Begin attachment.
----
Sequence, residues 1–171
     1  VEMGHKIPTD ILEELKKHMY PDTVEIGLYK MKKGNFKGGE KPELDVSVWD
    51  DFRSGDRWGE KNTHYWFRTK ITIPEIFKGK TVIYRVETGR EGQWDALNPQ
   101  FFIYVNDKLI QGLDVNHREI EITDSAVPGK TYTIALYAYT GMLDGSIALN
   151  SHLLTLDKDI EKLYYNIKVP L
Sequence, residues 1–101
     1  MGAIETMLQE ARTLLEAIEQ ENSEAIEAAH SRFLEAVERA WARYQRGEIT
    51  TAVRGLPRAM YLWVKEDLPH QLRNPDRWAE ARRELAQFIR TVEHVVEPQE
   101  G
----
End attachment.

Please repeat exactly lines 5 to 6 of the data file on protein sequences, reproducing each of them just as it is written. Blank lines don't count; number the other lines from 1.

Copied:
   151  SHLLTLDKDI EKLYYNIKVP L
Sequence, residues 1–101